27335

Decompiling x86 Deep Neural Network Executables

Zhibo Liu, Yuanyuan Yuan, Shuai Wang, Xiaofei Xie, Lei Ma
arXiv:2210.01075 [cs.CR], (4 Oct 2022)

@misc{https://doi.org/10.48550/arxiv.2210.01075,

   doi={10.48550/ARXIV.2210.01075},

   url={https://arxiv.org/abs/2210.01075},

   author={Liu, Zhibo and Yuan, Yuanyuan and Wang, Shuai and Xie, Xiaofei and Ma, Lei},

   keywords={Cryptography and Security (cs.CR), Machine Learning (cs.LG), FOS: Computer and information sciences, FOS: Computer and information sciences},

   title={Decompiling x86 Deep Neural Network Executables},

   publisher={arXiv},

   year={2022},

   copyright={Creative Commons Attribution 4.0 International}

}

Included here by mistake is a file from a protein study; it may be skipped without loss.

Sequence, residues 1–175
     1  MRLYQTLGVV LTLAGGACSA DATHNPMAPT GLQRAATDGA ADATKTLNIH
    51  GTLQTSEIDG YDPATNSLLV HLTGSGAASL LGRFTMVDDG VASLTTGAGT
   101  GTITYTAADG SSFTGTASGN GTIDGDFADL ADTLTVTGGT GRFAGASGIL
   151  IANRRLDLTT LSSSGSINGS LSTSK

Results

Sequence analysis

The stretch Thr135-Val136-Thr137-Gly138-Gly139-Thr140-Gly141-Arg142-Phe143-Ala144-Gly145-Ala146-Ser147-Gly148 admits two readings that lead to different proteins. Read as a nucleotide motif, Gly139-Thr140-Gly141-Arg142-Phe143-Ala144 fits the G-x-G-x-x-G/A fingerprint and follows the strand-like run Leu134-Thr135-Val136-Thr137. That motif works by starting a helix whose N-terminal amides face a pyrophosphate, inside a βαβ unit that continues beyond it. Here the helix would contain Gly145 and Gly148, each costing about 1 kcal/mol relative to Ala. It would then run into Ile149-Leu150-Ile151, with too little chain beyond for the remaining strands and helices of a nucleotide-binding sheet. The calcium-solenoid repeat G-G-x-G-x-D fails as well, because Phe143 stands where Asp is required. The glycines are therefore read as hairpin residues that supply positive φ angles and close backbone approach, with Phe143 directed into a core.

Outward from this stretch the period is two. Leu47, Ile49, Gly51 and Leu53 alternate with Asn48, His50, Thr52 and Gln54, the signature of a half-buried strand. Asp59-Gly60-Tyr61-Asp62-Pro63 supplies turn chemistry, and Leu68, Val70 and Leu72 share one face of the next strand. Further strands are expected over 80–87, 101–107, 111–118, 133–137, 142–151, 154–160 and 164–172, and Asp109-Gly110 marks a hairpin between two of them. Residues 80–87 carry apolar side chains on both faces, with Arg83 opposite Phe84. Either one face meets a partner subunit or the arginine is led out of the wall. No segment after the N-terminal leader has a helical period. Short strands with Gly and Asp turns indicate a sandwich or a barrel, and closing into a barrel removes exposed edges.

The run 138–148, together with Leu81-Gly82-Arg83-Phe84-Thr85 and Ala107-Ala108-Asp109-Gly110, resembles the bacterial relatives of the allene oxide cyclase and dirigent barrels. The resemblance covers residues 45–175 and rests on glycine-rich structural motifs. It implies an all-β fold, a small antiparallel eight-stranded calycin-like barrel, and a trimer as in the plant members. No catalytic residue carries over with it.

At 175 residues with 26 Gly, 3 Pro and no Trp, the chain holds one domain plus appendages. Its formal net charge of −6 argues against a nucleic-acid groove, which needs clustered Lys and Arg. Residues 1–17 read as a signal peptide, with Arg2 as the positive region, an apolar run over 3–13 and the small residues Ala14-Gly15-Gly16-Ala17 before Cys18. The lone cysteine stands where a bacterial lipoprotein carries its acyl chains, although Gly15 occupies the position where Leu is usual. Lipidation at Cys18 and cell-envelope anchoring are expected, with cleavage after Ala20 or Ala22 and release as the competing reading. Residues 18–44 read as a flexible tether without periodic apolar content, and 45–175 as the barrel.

Due to their widespread use on heterogeneous hardware devices, deep learning (DL) models are compiled into executables by DL compilers to fully leverage low-level hardware primitives. This approach allows DL computations to be undertaken at low cost across a variety of computing platforms, including CPUs, GPUs, and various hardware accelerators. We present BTD (Bin to DNN), a decompiler for deep neural network (DNN) executables. BTD takes DNN executables and outputs full model specifications, including types of DNN operators, network topology, dimensions, and parameters that are (nearly) identical to those of the input models. BTD delivers a practical framework to process DNN executables compiled by different DL compilers and with full optimizations enabled on x86 platforms. It employs learning-based techniques to infer DNN operators, dynamic analysis to reveal network architectures, and symbolic execution to facilitate inferring dimensions and parameters of DNN operators. Our evaluation reveals that BTD enables accurate recovery of full specifications of complex DNNs with millions of parameters (e.g., ResNet). The recovered DNN specifications can be re-compiled into a new DNN executable exhibiting identical behavior to the input executable. We show that BTD can boost two representative attacks, adversarial example generation and knowledge stealing, against DNN executables. We also demonstrate cross-architecture legacy code reuse using BTD, and envision BTD being used for other critical downstream tasks like DNN security hardening and patching.
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